•Signals of weakness. Before the surprise September employment report, the first indicators of serious weakness in the economy had centered on the housing market. The pending home sales index in July plunged 12 percent, after rising by 5 percent during June and contracting 3.7 percent in May.
•Snowballing effects. There is widespread concern that falling property prices could depress consumption and that the turmoil in the financial markets could dampen business investment. Retail sales rose a disappointing 0.3 percent month-on-month in August — excluding a discount-driven surge in auto purchases and a temporary fall in gasoline sales, sales would have fallen 0.1 percent. Auto sales have declined from 17 million at the peak of the housing boom to 15.4 million recently.
•Sub-prime meltdown. The crisis caused by irresponsible lending to unqualified borrowers in the sub-prime mortgage market is deepening:
Surging foreclosures. The mortgage foreclosure rate rose to 0.65 percent during the second quarter, the highest level in 55 years. The rate was up seven basis points from the first quarter and 22 basis points from last year. Delinquency rates hit 14.82 percent on sub-prime loans versus 13.77 percent during the first quarter and 11.7 percent one year ago.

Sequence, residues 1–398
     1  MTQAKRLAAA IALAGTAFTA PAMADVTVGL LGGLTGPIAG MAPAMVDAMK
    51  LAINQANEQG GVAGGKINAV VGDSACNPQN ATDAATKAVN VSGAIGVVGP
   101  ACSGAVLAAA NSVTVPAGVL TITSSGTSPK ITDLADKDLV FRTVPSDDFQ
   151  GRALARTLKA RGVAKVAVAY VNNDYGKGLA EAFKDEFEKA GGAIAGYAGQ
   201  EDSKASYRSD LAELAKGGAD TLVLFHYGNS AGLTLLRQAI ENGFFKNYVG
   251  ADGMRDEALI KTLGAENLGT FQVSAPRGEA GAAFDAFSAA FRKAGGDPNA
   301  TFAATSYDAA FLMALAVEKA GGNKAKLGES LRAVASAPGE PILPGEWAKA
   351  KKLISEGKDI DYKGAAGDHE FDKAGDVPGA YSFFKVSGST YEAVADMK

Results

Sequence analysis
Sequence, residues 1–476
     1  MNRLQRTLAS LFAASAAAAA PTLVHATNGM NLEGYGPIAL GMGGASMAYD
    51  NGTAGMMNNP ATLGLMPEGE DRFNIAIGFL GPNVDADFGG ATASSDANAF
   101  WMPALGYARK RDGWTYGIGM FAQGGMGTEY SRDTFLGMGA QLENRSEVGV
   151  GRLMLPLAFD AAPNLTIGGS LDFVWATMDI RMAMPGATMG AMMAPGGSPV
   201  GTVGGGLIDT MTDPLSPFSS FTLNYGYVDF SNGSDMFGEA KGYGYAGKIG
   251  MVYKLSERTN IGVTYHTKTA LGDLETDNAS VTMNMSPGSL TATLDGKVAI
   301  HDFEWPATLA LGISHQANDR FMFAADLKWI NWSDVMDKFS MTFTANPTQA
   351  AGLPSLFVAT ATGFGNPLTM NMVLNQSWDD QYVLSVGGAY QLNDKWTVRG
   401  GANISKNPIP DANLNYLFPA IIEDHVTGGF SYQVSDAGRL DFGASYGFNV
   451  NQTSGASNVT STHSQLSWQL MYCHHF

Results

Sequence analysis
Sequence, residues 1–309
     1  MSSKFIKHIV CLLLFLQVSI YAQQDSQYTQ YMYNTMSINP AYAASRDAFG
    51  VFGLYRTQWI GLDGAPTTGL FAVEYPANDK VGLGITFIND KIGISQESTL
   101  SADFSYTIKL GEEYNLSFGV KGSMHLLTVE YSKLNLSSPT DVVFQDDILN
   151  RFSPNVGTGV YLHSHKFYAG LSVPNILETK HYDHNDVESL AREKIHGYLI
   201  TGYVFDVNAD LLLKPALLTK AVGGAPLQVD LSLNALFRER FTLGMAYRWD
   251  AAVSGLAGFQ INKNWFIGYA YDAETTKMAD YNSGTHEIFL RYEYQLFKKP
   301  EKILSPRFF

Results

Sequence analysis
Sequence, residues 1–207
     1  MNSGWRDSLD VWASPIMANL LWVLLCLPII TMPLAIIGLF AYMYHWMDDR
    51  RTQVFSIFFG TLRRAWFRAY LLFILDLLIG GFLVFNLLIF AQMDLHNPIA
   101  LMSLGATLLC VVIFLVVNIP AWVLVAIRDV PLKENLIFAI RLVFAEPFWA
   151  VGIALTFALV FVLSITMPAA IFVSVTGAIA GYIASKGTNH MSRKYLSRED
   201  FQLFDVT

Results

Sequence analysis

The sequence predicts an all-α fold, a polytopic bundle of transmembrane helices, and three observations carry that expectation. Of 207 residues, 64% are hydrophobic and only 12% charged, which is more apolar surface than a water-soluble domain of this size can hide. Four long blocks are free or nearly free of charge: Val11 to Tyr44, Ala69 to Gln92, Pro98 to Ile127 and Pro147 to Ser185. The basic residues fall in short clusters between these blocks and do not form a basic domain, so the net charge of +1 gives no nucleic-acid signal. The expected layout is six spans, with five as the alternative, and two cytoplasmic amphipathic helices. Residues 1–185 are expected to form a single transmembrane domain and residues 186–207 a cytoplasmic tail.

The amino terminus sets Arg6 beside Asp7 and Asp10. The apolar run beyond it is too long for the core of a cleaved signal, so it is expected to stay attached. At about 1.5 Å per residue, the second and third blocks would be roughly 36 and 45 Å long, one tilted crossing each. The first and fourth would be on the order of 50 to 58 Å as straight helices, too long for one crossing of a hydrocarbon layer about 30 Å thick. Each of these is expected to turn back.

Sagging sales. Home sales will suffer from the impact of recent market turmoil on mortgage rates. Since June, mortgage rates for sub-prime loans have increased 300 basis points to 11 percent. As a result of declining sales, there is now a 10-month supply of unsold homes, compared to five months in early 2006. The large stock of unsold homes is depressing prices. The Case/Shiller house price index has now declined by over 4 percent compared to one year ago, and the CME futures market projects that national house prices could decline an additional 4.6 percent.
The recession in the housing industry has evolved into an “information crisis.” Investors perceive that the rating agencies collaborated with investment banks to produce high ratings for a wide range of securities with exposure to sub-prime loans. Following this loss of confidence, investors are now exiting various asset markets, forcing commercial banks to assume new funding burdens. Since Aug. 8, the commercial paper market has shrunk from $2.24 trillion to $1.925 trillion. The financial challenge for the market over the next six weeks will become particularly acute, as $1.3 billion of commercial paper matures on conduits managed by leading European and U.S. banks.